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Issue 211

Is Modernity a History of the Unwritten?

An exhibition at Centre d’Art Contemporain, Geneva, explores writing’s role in embodiment and spiritual grounding

BY Harry Burke in EU Reviews , Reviews | 25 MAR 20

‘Scrivere Disegnando’ (Writing by Drawing) at Geneva’s Centre d’Art Contemporain surveys the phenomenon of illegible writing, which the installation renders decipherable through thoughtful trails of referentiality. The exhibition is assembled with Lausanne’s Collection de l’Art Brut, an archive of self-taught and outsider artists that traces its roots to Jean Dubuffet’s obsessive commitment to anti-academic art. With work by over 90 artists, there is a welcome mix of familiar and lesser-known names.

Brooklyn-based artist Steffani Jemison’s magnetic multipart installation ‘Same Time’ (2015–ongoing) reminded me of Roy Lichtenstein’s ‘Brushstrokes’ series (1965–66), which notably refigured the painterly scribble of abstract expressionism as a pop quotation. Each series utilizes citation, albeit in converse ways: Jemison thickens – whereas Lichtenstein flattens – the sign. For ‘Same Time’, Jemison has reproduced opaque glyphs from janitor-turned-artist James Hampton’s notebooks, penned in his invented script ‘Hamptonese’, on transparent backgrounds, underscoring the viscosity of Hampton’s hand.

‘Scrivere Disegnando (Writing by Drawing)’, 2020, installation view, Centre d’Art Contemporain Genève; photograph: Mathilda Olmi © Centre d’Art Contemporain Genève


The placement of an untitled drawing by J.B. Murray (c.1985) near to ‘Same Time’ conveys the exhibition’s polytempic ambitions. Murray was an illiterate tenant farmer from rural Georgia, who experienced vivid religious hallucinations. His thicket of asemic inscriptions oozes the blues and hints at a friction between the expressive depth of black agrarian poetics and the measured eclecticism of postmodern display.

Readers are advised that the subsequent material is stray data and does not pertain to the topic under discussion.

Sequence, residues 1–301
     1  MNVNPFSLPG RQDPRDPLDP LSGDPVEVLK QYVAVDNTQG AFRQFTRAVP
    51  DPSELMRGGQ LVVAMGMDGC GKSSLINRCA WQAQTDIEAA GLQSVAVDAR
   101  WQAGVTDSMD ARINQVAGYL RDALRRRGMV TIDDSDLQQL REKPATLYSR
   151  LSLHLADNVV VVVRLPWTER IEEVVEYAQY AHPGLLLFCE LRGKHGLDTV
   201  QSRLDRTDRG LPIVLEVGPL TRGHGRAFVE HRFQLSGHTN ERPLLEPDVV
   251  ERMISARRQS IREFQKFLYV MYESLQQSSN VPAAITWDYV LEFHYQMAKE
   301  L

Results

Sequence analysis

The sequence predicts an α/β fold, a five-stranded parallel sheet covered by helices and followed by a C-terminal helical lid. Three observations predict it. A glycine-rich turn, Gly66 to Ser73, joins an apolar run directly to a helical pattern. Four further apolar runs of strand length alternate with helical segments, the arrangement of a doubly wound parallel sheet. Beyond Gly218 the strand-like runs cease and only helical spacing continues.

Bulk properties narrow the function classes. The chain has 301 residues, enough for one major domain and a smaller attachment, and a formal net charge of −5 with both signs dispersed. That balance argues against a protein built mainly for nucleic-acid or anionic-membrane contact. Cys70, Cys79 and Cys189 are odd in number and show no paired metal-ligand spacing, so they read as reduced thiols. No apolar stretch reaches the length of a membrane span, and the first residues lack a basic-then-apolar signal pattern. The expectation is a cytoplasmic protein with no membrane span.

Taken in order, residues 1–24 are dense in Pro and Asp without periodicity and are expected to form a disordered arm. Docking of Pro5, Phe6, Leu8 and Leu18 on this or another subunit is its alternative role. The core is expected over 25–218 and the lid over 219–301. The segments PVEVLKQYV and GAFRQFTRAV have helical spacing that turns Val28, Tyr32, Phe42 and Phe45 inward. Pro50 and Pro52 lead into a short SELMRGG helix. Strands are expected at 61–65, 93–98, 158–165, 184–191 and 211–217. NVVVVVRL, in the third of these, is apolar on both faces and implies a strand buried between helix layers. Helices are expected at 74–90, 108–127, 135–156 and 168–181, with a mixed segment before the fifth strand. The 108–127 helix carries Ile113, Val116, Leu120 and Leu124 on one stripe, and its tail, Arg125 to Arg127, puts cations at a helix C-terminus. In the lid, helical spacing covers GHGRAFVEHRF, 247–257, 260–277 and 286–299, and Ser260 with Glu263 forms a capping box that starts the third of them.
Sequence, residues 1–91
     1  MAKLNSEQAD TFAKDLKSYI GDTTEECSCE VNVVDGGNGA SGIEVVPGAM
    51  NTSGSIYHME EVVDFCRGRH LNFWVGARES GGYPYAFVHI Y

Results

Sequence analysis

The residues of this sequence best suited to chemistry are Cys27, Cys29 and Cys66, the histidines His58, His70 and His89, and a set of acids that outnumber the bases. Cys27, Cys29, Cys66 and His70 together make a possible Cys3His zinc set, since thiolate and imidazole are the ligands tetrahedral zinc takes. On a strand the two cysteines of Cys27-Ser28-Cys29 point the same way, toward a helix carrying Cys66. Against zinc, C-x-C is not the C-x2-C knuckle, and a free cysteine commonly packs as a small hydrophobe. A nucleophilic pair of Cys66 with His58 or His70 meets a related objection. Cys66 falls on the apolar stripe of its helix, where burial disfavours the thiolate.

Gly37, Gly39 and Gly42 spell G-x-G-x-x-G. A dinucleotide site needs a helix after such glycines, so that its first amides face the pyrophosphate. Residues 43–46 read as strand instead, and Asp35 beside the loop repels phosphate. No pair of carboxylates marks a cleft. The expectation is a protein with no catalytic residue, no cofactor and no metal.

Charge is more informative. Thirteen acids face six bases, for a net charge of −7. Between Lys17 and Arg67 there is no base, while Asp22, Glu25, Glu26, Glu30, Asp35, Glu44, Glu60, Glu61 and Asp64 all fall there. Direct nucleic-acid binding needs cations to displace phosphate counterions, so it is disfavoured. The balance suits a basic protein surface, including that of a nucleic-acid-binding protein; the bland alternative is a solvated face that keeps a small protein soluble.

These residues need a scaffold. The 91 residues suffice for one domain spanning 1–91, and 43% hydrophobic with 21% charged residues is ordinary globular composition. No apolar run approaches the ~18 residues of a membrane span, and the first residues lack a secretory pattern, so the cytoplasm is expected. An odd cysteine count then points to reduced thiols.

The life’s work of the Swiss medium Hélène Smith (a pseudonym for Catherine-Elise Müller) is a thematic touchstone. Smith’s automatic writings inspired surrealists like André Breton, while the psychologist Théodore Flournoy was fascinated by her alleged extra-terrestrial communications, which he wrote about in a study on Smith titled From India to the Planet Mars (1900). Displayed in a vitrine by the exhibition’s entrance, Smith’s automatic drawings in Flournoy’s book at once synthesize and scramble the 20th century’s discursive pillars of psychoanalysis and semiotics in ways that evocatively contextualize the queer world-making of contemporary artists like Elijah Burgher. Burgher’s three double-sided paintings – Eden Eden Eden Eden Eden, Garden of Hanging Gods and The Perineum Is the Door! (all 2018–20) – are composed of layers of shapely sigils on canvas drop-cloths, with pornographic photographs depicting ink-splattered male nudes, produced in collaboration with Los Angeles-based artist Richard Hawkins, also affixed to the busy partitions. Burgher has used the cloths, initially installed to protect the floor of his Chicago studio, for rituals exploring the ‘chaos magic’ of occultists like Austin Osman Spare.

’Scrivere Disegnando (Writing by Drawing)’, 2020, installation view, Centre d’Art Contemporain Genève; photograph: Mathilda Olmi © Centre d’Art Contemporain Genève

At around the age of 50, German farmer Barbara Suckfüll started hearing ‘telephone voices’ – intrusive commands to scream, run, draw and perpetrate violence. At Schloss Werneck psychiatric hospital, she committed the voices to paper, drafting bird’s-eye impressions of quotidian items such as spoons and dishes over rows of cursive handwriting. The practice proved therapeutic, attesting to writing’s role in embodiment and spiritual grounding. The untitled ideograms from 1910 presented here are taut with a sensitivity to domestic entrapment.

In the exhibition literature, curators Andrea Bellini and Sarah Lombardi refer to the ‘shadow side’ of writing when discussing the unruly objects of their enquiry – referencing a metaphor used by Carl Jung for the unconscious. Their other explicit theoretical rivet is Roland Barthes’s description of jouissance, defined in The Pleasure of Text (1973) as the self-oblivion that comes with pleasure. A robust, bountiful celebration of the indecipherable mark, the survey’s forbidding implication is that modernity is a history of the unwritten. It hesitates, still, to extrapolate further. ‘Din is discourse’, wrote poet and philosopher Édouard Glissant in Caribbean Discourse (1981), identifying the expropriative grammar of civil speech. It is this observation that haunts the show.

‘Scrivere Disegnando’ is on view at Centre d’Art Contemporain, Geneva, until 3 May 2020.

Main Image: ‘Scrivere Disegnando (Writing by Drawing)’, 2020, installation view, Centre d’Art Contemporain Genève; photograph: Mathilda Olmi © Centre d’Art Contemporain Genève

Harry Burke is an art critic and a PhD candidate in art history at Yale University, New Haven.